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Hurricane Ian devastates Florida, reminds DC region of climate change's impact

In 2003, Hurricane Isabel pushed an 8-foot storm surge up the Chesapeake Bay. Some experts say, due to climate change, that storm's impact would likely be worse now.

WASHINGTON — As Hurricane Ian approached Florida, some communities on the Gulf of Mexico prepared to deal with storm surges higher than 10 feet of water. According to the National Hurricane Center, if such surges occurred in the D.C. region, the impact would be devastating.

Typically, tidal flooding plagues low-lying areas near the Potomac and Anacostia rivers. However, if strong winds from a strong hurricane were to push water up the Chesapeake Bay, many recognizable landmarks in the region would be submerged.

A National Hurricane Center storm surge map shows that if a Category 4 hurricane along the east coast pushed three feet of surge water up the Chesapeake Bay and the tidal Potomac, operations at Reagan National Airport would be impacted.

More than nine feet of storm surge could inundate Navy Yard, Hains Point, and even parts of the National Mall along Constitution Avenue.

Thirteen feet of water could even, once again, cover the Georgetown Waterfront.

Massive flooding resulting from a tropical storm surge and a high tide is not unprecedented in the D.C. and Baltimore region.

In 2003, Hurricane Isabel pushed an eight foot storm surge up the Chesapeake Bay, devastating Annapolis.

Dr. Don Boesch, President Emeritus of the University of Maryland Center for Environmental Science said considering the impact of climate change over the last two decades, if a scenario like Isabel happened in the D.C. region now, the effects would be even worse.

“With the fact that we've had sea level rise and the bay has therefore become deeper, it can allow the storm surge to propagate more,” he said. “You could estimate that if we would have the same conditions prevail, we would have maybe one- or two-feet higher storm surge than we did then.”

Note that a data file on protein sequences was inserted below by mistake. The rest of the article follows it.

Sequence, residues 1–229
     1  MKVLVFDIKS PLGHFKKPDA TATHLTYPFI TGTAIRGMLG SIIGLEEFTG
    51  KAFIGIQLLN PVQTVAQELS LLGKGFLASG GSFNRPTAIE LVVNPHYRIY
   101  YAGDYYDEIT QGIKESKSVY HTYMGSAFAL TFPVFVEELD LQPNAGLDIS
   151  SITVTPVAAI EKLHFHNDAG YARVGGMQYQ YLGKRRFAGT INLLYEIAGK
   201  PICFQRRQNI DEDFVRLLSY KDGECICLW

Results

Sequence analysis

Boesch added that climate change can also impact tropical activity around the D.C. region in another way as well.

“The other thing to keep in mind is that as the ocean warms off our coast, that allows intense hurricanes to keep being fueled farther north,” he said. “So, if you seen [with] Fiona, [that] went all the way to Nova Scotia because of the warm ocean waters. So warmer waters will allow hurricanes to go more northward into our area.”

Erin Capps serves as an emergency management project director with Atkins North America, a global design and engineering firm.

She said more people in power are heeding the call to do something about frequent flooding across the United States.

“We have a lot of people across our local, state, and federal levels that are focusing on [flooding], focusing on mitigation, trying to not only build back better, but to make us more resilient in the first place so that we can lessen the impact of these disasters.”

Capps mentioned the work of D.C. and Montgomery County as some of the local communities in the D.C. region working to become more resilient.

She said officials are asking questions like where flood risks are greater or how to construct buildings in a safer manner more than in the past.

Capps added there are also flood insurance options and additional programs aimed at helping home and business owners from organizations like FEMA, the National Flood Insurance Program as well.

“I think there's been a lot, over the last 10 years, of awareness around this issue,” she said. “Because we're seeing floods that are in areas that maybe weren't designated as high-risk.”

More American communities are also changing design strategies and building codes to address flooding too.

“I think some of the impediments to that is obviously cost, making that a focus, and not just the cost of taking on those activities but cost of enforcement,” Capps said. “That's something we see often with local officials, what they come up against is.”

However, Boesch said the average American can also cut down on the emerging consequences related to tropical disasters by working to reduce emission and slowing the warming of the Earth.

“I think people are getting the message that these extreme weather events, whether it be hurricanes, these really intense rainfall events, forest fires in the West, are linked to the changing climate,” he said. “I think most people don't necessarily understand what they can do about it.”

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